After a breakfast of pancakes and eggs, I went to Theodore Roosevelt National Park – South Unit Visitor Center, where I got my passport cancellation stamp and watched the film about Theodore Roosevelt and his time in the Badlands. On the same day in the same house on February 14, 1884, he lost his wife Alice (22) in childbirth and his mother (50) to typhus. In his diary on that day he wrote one line:
“The light has gone out of my life.”
His first ranch was the Maltese Cross in 1883 and his second was The Elkhorn in 1884.
One stretch of road in the park was closed off, so it was a 24-mile out-and-back scenic drive. I was determined to drive to the end and work my way back.
I first stopped at Medora Overlook.
I had to keep pulling over to see the Prairie Dog Towns. I loved watching them scurrying about in the fields and popping in and out of their holes.
I drove most of the way, stopping briefly here and there to the Badlands Overlook, where I had to turn around.
I was lucky to see a couple of bison near the road.
I finally changed the time on my camera from 12:30 to 11:30. It was so confusing going back and forth between Central and Mountain Time.
At Buck Hill, I ate a sandwich in the car and climbed up a short steep trail. A path went off to infinity, and I followed it as far as I felt like without having brought any water along. I also walked up a hill on the opposite side for views in another direction. Buck Hill was 0.2 miles round trip (my hike was longer). It was the highest accessible place in the park.
I saw some horses in a field alongside the road on the way to Boicourt Overlook.
I then walked on the Boicourt Trail (0.3 miles round trip). A gentle gravel path led to a viewing area that looked across the park to the south. The park looked green and lively from this southern-facing vantage point. I stopped at Boicourt Overlook too.
I stopped at the Peaceful Valley Ranch and enjoyed views of the surrounding area. This complex spans the successive eras of the area’s recent history. It was a ranch in the late 1800s, dude ranch in the 1920s, headquarters of the CCC and WPA in the 1930s, park headquarters in the 1950s and 60s, and facility for guided horseback rides until 2014.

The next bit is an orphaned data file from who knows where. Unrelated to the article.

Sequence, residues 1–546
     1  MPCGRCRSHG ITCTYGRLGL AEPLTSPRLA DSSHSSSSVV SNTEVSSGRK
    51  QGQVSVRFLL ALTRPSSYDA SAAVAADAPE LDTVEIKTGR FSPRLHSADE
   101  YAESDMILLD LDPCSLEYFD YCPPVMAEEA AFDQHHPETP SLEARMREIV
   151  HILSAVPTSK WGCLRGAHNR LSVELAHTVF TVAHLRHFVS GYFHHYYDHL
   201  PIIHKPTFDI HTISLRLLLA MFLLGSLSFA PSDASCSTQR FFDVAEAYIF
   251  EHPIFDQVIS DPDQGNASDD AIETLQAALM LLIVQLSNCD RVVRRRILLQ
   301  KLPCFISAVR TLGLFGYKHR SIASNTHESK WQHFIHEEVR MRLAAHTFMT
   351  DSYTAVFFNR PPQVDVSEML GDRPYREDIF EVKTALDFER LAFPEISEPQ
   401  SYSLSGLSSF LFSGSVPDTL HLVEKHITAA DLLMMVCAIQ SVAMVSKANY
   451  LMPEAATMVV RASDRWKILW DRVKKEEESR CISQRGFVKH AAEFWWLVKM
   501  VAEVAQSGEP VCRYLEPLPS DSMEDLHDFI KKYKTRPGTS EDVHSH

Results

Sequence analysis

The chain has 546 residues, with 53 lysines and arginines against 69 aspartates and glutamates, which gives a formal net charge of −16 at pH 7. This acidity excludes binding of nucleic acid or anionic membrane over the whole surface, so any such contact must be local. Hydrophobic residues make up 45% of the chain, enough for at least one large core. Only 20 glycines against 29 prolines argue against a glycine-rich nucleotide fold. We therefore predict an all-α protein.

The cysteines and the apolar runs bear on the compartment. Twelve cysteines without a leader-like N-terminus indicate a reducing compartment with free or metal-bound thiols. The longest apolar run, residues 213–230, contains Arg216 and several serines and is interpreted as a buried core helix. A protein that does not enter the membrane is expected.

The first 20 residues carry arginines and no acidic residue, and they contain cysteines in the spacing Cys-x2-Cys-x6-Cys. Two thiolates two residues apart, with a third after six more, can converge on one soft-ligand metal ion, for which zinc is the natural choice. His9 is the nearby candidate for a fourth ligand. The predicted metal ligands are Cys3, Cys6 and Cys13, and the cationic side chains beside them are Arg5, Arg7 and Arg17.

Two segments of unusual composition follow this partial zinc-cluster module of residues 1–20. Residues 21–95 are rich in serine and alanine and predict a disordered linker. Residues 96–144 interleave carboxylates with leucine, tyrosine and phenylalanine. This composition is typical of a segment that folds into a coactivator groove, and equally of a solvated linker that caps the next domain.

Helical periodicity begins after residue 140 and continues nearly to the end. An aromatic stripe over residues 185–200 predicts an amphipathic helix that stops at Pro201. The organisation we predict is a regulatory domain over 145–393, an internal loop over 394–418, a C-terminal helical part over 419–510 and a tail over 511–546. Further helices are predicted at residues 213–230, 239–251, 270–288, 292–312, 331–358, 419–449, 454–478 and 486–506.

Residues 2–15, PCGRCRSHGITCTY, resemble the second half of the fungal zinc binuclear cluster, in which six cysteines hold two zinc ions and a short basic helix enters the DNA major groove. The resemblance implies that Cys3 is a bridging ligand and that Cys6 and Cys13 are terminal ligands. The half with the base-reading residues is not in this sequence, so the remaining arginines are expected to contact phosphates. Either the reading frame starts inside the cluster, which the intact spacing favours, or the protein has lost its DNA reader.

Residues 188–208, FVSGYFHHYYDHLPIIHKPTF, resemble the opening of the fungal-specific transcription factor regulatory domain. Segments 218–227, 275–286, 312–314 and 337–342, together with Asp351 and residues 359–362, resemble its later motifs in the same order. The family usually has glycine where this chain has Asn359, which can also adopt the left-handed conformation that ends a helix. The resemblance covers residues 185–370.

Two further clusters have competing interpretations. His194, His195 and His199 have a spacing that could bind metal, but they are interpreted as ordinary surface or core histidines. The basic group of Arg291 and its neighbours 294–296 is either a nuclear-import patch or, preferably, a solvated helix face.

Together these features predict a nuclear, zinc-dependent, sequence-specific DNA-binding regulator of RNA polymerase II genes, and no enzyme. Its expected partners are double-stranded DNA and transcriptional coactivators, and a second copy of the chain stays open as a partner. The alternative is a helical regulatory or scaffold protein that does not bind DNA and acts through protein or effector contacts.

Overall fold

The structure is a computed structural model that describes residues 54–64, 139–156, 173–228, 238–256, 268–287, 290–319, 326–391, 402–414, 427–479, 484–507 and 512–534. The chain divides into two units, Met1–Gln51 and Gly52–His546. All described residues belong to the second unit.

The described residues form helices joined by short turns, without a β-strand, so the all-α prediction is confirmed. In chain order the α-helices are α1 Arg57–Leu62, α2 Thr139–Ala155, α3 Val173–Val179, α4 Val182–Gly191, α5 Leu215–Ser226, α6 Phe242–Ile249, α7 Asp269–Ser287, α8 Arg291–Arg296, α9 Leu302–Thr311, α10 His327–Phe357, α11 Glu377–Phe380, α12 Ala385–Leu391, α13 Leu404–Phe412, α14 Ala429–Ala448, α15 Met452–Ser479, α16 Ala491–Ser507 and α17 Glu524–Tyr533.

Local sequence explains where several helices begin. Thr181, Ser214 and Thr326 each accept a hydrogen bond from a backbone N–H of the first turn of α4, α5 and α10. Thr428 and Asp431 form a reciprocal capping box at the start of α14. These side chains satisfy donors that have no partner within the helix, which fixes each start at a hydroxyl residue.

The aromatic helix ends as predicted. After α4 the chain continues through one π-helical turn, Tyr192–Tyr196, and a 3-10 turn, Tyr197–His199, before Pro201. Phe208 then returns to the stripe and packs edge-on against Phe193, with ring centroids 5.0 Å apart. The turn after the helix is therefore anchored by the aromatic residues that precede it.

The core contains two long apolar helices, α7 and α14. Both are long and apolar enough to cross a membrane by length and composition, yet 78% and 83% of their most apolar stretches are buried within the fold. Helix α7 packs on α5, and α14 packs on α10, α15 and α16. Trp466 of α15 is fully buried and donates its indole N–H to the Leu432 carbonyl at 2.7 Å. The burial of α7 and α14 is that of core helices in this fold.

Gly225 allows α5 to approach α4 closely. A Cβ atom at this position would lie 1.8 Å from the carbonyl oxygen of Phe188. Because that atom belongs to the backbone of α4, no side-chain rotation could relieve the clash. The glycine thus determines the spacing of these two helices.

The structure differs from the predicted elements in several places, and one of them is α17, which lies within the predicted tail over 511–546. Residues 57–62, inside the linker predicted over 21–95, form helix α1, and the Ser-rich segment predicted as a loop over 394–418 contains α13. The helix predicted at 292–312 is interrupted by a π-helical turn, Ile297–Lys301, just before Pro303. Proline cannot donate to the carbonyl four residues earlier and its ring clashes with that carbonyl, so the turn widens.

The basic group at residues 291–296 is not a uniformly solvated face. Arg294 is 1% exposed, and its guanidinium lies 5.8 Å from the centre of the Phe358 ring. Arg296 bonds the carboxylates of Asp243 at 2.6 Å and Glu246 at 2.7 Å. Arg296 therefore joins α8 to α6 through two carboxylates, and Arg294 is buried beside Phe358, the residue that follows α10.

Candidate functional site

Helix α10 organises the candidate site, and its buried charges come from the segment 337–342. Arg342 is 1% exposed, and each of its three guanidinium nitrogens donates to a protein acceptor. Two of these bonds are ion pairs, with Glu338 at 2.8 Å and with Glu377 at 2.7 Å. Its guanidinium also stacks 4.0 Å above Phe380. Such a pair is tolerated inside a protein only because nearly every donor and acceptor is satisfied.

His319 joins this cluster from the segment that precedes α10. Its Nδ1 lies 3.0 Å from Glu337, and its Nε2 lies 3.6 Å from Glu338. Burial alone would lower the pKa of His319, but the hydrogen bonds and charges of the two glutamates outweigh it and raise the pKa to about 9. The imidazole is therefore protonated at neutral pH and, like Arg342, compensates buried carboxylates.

My next stop was Skyline Vista, a 0.2 mile round trip. A short paved path led to a viewing area overlooking the Little Missouri River.
Today, I met clacking flying bugs, bison and horses, along with numerous prairie dog towns and yellow cottonwoods.
I took a break to stop at the Visitor Center because I hadn’t yet looked at the museum. It was all about Teddy Roosevelt. Then I went into Medora to the North Dakota Cowboy Hall of Fame. Another post will follow with this visit.
I went to the Painted Canyon Visitor Center and The Painted Canyon Nature Trail. From here, I could explore the Badlands from top to bottom and back up again. It covered interesting geology and good views splashed with yellow cottonwoods.
After eating dinner and exploring Medora, I went back into the park at 5:45 for 11 miles. A little deer with rounded ears bounded across the road. I walked up the Wind Canyon Trail (0.4 mile loop). The short trail followed a cliff edge overlooking the Little Missouri River. It is a favorite place for photographers at sunset. I had to leave before sunset because nature and a tree were calling my name.
I was utterly exhausted today because I had woken up at 4:00 a.m. and never went back to sleep, although I had planned to sleep in. It was so nice to stay in one place for two nights, although I never hung around my room until 7:00 p.m.
Back at the homefront, Mike and our son went on a leisurely bike ride exploring roads from Penderbrook and around. Our son was agitated because he’d tried to get his friend M.J. to go to Riverbend Park to find pawpaws, but M.J. had never answered, and when he did call he said he’d been watching a soccer game with friends. He went with Mike to Barbara’s with take out.
Below is the journal spread from this day.
*Drove: 89.9 miles; Steps: 14,931, or 6.33 miles*
*Sunday, September 15, 2019*